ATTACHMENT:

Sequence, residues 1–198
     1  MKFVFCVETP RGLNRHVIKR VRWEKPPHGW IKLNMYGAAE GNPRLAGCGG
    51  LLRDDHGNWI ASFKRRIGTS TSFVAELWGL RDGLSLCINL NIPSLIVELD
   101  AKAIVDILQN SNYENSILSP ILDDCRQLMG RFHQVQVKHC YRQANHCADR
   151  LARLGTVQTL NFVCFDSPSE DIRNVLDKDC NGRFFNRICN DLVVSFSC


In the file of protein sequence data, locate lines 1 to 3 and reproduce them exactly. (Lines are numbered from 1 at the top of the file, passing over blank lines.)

Sequence, residues 1–198
     1  MKFVFCVETP RGLNRHVIKR VRWEKPPHGW IKLNMYGAAE GNPRLAGCGG
    51  LLRDDHGNWI ASFKRRIGTS TSFVAELWGL RDGLSLCINL NIPSLIVELD